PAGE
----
The US and the European Union established a new collaboration on Friday to reduce Europe’s dependency on Russian energy, a move that top officials described as the beginning of a years-long effort to further isolate Moscow following its invasion of Ukraine.
Russian President Vladimir Putin, according to US Vice President Joe Biden, utilizes energy to “coerce and manipulate his neighbors,” and proceeds from its sale are used to “fuel his war machine.”
Biden claims that the cooperation he launched with a top European Union official will change that dynamic by reducing Europe’s reliance on Russian energy supplies while also lowering the continent’s total demand for gas.
This is not only “the correct thing to do from a moral sense,” but it would also “put us on a better strategic footing,” according to the president.
The United States and other countries would expand liquefied natural gas shipments to Europe by 15 billion cubic meters this year as part of the plan, though US officials were unable to specify which countries will deliver the additional energy this year. In the future, even larger packages will be delivered.
Simultaneously, they will work to keep their climate targets on track by using renewable energy to power gas infrastructure and decreasing methane leaks, which may exacerbate global warming.
According to the White House, while the program would most certainly necessitate new facilities for importing liquefied natural gas, the cooperation is also aimed at lowering dependency on fossil fuels in the long term through energy efficiency and other energy sources.
Ursula von der Leyen, the EU’s executive arm, stated that it is critical for Europe to move away from Russia and toward energy suppliers that are trustworthy, friendly, and dependable.
“We want to diminish and eliminate our reliance on Russian fossil resources,” she stated.
Russian energy is a major source of revenue and political influence for the Russian government. Russia supplies about 40% of the natural gas used to heat homes, produce electricity, and power industry in the European Union.
After the announcement, Biden was on his way to Rzeszów, Poland, where US forces are stationed about an hour’s drive from the Ukrainian border.
He’ll be informed on the humanitarian response to the influx of migrants fleeing Ukraine and the plight of those still trapped there. He’ll also visit with members of the 82nd Airborne Division from the United States, who serve alongside Polish forces.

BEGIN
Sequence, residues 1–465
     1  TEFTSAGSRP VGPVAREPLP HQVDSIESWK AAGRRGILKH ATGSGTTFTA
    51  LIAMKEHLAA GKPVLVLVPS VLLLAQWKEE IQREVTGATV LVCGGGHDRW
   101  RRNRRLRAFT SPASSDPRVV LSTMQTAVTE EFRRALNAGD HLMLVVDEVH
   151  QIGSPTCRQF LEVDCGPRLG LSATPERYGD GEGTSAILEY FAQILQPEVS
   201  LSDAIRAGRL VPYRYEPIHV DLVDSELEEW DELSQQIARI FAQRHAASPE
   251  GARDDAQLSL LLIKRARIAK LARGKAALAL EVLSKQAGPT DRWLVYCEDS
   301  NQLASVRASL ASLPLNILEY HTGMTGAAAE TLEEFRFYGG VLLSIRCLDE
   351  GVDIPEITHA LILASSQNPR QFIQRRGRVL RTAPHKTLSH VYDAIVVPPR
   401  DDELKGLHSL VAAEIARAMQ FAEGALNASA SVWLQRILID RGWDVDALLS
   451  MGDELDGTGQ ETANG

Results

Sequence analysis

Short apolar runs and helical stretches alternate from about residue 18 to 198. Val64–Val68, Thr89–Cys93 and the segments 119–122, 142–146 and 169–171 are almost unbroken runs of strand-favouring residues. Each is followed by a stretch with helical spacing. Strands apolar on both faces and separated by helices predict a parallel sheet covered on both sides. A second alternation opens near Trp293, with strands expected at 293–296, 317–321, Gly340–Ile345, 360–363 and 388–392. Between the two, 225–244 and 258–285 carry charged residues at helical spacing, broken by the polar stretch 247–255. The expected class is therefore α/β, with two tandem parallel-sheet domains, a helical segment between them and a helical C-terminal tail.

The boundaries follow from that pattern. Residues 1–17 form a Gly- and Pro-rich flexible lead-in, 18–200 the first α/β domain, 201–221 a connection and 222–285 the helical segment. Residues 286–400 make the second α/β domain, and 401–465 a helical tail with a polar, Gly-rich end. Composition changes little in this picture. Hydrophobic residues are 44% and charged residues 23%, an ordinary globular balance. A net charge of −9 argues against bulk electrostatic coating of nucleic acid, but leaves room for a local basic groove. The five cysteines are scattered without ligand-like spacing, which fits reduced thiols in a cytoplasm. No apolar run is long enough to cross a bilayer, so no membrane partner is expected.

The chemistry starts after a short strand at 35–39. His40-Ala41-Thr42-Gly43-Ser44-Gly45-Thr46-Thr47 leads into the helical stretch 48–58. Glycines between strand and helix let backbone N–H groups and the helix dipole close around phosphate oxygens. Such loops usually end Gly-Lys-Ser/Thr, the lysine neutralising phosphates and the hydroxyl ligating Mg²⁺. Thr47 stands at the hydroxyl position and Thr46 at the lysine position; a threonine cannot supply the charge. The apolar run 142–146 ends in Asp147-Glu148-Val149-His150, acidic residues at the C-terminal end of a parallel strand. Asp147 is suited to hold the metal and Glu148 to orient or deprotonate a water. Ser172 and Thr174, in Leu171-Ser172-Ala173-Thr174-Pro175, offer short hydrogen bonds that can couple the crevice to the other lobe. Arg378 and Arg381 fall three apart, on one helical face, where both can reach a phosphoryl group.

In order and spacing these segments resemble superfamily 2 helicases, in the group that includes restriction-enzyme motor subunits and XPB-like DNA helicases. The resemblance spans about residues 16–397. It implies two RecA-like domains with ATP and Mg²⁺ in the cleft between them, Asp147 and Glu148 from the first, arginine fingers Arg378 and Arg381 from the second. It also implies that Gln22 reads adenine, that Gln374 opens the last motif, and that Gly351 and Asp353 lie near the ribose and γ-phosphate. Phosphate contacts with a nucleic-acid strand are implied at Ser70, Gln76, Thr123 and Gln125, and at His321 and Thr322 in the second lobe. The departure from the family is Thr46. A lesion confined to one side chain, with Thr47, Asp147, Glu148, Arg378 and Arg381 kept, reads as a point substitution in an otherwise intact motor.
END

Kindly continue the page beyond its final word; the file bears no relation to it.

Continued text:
Biden will then fly to Warsaw on Saturday for discussions with Polish President Andrzej Duda and a speech to the Polish people before returning to Washington.
Biden attended three meetings in Brussels on Thursday, organized by NATO, the Group of Seven industrialized nations, and the European Union. The rare sequence of meetings underscores growing alarm over Ukraine’s ongoing conflict, which is now in its second month.
Despite the fact that Ukraine has held off Russia’s invasion far better than predicted, the conflict has turned into a lengthy and violent battle, with thousands of fatalities on both sides and millions of refugees leaving the nation.
Western policymakers are particularly fearful that Russian President Vladimir Putin may resurrect the conflict by employing chemical or perhaps nuclear weapons.
Even though the United States has greatly increased its exports in recent years, getting more liquefied natural gas to Europe might be tough. Many export terminals are already full, while the majority of future terminals are still in the development phases.
According to the Center for Liquefied Natural Gas, an industry advocacy group, the majority of US shipments already travel to Europe. Despite the fact that much of the supply has already been contracted out to purchasers, there are still options to reroute it.
“The United States is in a unique situation because it has flexible LNG that can be diverted to Europe or Asia depending on who is ready to pay the price,” Emily McClain, a Rystad gas markets analyst, said.
Even if the United States is able to export additional gas to Europe, the region may face difficulties in receiving it. Import terminals are generally found towards the shore, where there are less pipeline connections for distribution.
And even if all of Europe’s facilities were fully operational, the amount of gas delivered would likely be less than two-thirds of what Russia sends via pipelines.